There’s an old adage that our pupils teach us far more than they are taught. The former teacher in me doesn’t quarrel with that, and nor, apparently, does Hannah Lowe. Drawn from her own ten years’ teaching in ‘an inner-city London sixth form’, the book erupts with classroom vibrancy, without confining itself to in-school tales.
Award-winning poet Nathan Shepherdson guides us atomically through the universe (the entirety of matter and space) where one man – Romanian-born German-language poet and translator Paul Celan – weighs the depth and demand of his relationship with poetry and familial love.
In response to an old Blues song performed by Geeshie Wiley, Peter Riley has brought together established poets of varying styles. Notwithstanding a spelling error, a misdate and some distracting formatting, Riley and his troop have created a muddy-watered pool for the reader to lounge in.
In this most innovative of collections, Notes on the Sonnets, epigraphs taken from the first lines of Shakespeare’s sonnets are conjoined, non-sequentially, with lines of prose poetry. These convey thoughts as digressive, associative and reflexive as any creative prose essay – in the Paul Klee sense of ideas being taken for a walk – lines that contain vestiges of the original tropes only recustomised for the 21st Century.
We have been reading Roland Barthes’ explorations of image and memory in our writing classes. Photographs record the presence of someone “that has been”, but they also express a “temporal hallucination”, like a severed limb whose presence is felt viscerally, an after effect of amputation. This return to a time past in the present moment is beautifully imagined in Honorifics. Miller is Malaysian-American now resident in Scotland, and her debut collection renders loss and separation as memorable, lingering encounters, almost hallucinatory yearnings of leaving and homecoming.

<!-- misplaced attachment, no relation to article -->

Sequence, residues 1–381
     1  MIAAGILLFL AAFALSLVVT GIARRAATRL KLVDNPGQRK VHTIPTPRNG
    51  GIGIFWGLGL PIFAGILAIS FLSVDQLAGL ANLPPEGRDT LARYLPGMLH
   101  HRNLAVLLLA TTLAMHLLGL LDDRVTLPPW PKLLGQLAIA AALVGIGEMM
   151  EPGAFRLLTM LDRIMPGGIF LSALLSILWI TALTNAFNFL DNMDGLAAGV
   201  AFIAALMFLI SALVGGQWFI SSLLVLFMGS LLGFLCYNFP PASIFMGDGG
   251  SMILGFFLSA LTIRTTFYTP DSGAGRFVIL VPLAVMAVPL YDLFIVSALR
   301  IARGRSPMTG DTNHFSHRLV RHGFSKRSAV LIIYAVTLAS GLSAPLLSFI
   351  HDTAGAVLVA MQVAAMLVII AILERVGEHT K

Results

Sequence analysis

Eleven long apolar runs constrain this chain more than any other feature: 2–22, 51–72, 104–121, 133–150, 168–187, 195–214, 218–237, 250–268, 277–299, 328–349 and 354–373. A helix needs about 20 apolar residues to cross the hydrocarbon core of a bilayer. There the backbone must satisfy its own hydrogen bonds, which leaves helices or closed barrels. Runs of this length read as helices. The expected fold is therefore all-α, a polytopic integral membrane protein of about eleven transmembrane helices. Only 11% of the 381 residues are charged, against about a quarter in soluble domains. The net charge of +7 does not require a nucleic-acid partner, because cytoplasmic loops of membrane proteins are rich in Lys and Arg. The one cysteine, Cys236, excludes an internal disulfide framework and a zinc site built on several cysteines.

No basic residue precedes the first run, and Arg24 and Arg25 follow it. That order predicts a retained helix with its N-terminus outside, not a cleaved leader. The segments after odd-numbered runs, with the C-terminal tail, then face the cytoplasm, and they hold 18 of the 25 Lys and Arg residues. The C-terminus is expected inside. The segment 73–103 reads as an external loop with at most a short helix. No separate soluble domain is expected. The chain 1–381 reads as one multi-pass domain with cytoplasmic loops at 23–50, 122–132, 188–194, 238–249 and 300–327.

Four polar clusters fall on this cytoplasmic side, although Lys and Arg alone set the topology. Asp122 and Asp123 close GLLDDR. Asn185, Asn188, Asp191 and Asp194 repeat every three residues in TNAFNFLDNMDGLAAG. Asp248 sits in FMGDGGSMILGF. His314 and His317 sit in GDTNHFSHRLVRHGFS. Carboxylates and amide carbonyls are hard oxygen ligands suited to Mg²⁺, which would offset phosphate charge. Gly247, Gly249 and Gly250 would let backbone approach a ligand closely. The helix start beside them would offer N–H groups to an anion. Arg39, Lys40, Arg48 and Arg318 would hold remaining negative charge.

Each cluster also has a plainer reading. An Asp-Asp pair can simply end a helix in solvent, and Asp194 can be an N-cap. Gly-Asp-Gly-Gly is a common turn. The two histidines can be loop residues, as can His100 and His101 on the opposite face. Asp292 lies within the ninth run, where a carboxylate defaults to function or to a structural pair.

Here is a young poet’s first collection, tracing the fallout from his father’s terminal illness and death, and which moves through the narrator’s own depression, self-loathing, self-harm and experience of bi- and homophobia….
Kayo Chingonyi steps back into a place where the imagination and memory become one. Born in Zambia, brought up in London, and now teaching at Durham University, his collection explores the multiplicity of identity and the emotions that flow into it.
Stephen Sexton’s second collection Cheryl’s Destinies is a postmodern and playful investigation of mysticism, temporality and personal relations. Divided into three acts, these poems flit through space and time, like a fortune teller shuffling her
Some reckon that to be competition-fit a poem requires an arresting title. With a back catalogue encompassing collection titles as extraordinary as Trembling Hearts in the Bodies of Dogs, People Who Like Meatballs and The Magnitude of My Sublime Existence, Selima Hill brims with relevant expertise. The contents list in this, her latest collection, is a poem in itself.
Caleb Femi (Penguin Poetry, 2020); pbk £9.99 The North Peckham Estate, where Caleb Femi’s Forward shortlisted debut collection is set, is infamous for containing the stairwell in which Damilola Taylor died. And yes, death stalks these pages, those streets, as do rage and despair… but so too do love, imagination, defiance. Here is a voice Read More